Preserving the legacy of Veterans buried in unmarked graves - We Are The Mighty
MIGHTY TRENDING

Preserving the legacy of Veterans buried in unmarked graves

Toni Craig, Larisa Roderick and Paul LaRue. These are the names of people who cared enough to preserve the legacy of Veterans interred in unmarked graves by obtaining headstones or markers from VA’s National Cemetery Administration (NCA).

An unmarked gravesite has no permanent headstone or any way to identify the decedent buried in the grave.


Preserving the legacy of Veterans buried in unmarked graves

Toni Craig visits her cousin Harry Martin’s grave.

For Craig, a special education world history teacher in Martinsville, Va., her quest was to obtain a marker for her cousin, Pfc. Harry Pemberton Martin, a Marine and Purple Heart recipient from the Vietnam War. He laid in an unmarked grave for 52-years.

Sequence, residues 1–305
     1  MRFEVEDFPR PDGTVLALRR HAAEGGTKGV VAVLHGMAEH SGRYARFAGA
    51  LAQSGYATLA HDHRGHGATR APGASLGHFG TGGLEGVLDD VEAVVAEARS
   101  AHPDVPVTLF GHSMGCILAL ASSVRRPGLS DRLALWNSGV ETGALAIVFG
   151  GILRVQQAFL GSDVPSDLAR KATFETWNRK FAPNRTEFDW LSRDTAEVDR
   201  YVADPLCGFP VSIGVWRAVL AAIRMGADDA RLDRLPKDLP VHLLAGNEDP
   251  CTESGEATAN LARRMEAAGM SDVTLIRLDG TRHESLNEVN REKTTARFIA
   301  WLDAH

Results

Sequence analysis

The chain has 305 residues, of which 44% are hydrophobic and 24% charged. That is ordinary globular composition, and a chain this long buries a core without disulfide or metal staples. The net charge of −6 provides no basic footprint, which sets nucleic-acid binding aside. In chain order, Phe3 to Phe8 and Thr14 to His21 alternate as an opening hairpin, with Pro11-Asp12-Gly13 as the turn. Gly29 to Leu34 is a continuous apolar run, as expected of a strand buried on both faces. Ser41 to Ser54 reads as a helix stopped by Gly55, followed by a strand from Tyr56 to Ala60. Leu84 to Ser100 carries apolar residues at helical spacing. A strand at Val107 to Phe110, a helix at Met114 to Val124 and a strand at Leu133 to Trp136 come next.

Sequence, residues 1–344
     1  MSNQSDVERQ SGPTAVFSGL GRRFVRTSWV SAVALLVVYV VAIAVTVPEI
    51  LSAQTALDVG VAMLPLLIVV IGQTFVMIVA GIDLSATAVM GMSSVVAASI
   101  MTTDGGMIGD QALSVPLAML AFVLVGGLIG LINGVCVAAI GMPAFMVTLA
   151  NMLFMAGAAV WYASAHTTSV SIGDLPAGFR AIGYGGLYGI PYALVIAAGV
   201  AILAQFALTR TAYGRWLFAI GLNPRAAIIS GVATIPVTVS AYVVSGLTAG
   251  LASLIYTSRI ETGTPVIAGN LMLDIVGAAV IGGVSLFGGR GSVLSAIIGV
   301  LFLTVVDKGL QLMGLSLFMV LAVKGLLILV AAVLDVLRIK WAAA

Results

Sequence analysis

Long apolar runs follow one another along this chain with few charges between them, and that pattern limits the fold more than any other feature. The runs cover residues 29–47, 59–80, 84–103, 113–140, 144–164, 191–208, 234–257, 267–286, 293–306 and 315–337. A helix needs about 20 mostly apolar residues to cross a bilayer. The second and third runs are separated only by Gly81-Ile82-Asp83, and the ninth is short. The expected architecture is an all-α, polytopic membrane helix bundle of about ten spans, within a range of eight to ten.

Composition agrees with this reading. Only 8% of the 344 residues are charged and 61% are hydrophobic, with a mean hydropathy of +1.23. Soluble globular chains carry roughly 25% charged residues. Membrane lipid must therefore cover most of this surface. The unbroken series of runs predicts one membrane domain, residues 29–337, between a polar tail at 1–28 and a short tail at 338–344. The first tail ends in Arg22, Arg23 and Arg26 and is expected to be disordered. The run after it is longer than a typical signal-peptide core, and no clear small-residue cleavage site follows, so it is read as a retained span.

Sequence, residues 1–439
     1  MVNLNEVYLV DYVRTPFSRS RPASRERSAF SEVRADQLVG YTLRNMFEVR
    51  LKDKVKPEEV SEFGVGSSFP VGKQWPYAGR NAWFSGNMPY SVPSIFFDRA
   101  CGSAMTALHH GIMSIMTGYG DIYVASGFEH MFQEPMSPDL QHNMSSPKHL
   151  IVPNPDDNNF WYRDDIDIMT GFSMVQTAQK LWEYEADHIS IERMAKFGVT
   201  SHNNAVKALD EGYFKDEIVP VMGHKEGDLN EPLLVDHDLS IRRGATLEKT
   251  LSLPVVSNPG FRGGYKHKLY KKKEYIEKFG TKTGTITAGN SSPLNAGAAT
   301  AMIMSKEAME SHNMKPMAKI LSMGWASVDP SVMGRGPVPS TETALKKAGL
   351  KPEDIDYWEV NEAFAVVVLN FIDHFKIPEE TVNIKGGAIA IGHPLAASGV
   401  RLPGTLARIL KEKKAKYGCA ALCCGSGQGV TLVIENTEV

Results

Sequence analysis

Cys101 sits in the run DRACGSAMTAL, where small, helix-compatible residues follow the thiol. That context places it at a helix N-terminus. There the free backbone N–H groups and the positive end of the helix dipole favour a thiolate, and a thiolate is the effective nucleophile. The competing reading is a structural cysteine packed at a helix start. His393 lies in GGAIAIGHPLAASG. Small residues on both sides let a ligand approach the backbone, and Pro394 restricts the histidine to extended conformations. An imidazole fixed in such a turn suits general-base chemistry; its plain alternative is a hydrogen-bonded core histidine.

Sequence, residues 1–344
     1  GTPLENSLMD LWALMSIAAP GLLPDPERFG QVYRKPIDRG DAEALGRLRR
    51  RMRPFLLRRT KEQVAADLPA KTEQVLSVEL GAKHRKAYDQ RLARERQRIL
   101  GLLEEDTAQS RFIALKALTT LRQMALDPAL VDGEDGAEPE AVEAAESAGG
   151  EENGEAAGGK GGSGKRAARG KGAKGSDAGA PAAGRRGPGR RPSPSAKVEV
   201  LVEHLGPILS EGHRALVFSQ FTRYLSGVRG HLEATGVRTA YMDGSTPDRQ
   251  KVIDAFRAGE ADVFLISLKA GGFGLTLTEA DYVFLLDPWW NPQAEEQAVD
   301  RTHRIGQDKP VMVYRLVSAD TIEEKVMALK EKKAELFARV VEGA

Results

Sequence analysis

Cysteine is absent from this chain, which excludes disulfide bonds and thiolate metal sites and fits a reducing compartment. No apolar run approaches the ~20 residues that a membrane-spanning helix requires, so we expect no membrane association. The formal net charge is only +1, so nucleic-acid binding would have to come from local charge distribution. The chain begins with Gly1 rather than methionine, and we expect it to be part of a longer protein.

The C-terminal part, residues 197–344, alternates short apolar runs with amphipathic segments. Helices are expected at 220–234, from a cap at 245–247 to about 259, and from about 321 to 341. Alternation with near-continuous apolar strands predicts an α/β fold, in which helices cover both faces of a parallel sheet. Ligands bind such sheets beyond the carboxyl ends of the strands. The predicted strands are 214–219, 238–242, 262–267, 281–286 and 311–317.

Craig started her research in November 2019 with an obituary that her mother gave her. That search included working the Virginia Department of Veterans Affairs in Danville, which allowed her to obtain all the necessary documentation to receive a flat marker. Martin now lays at Meadow Christian Church Cemetery in Martinsville.

“Harry is a hero to my family because he did not have to go to Vietnam. He served his time in the Navy, but decided to join the Marines after,” she said. He was awarded a Purple Heart for his service, but to us his heart was and still is golden.”

Preserving the legacy of Veterans buried in unmarked graves

LaRue’s students laying a headstone.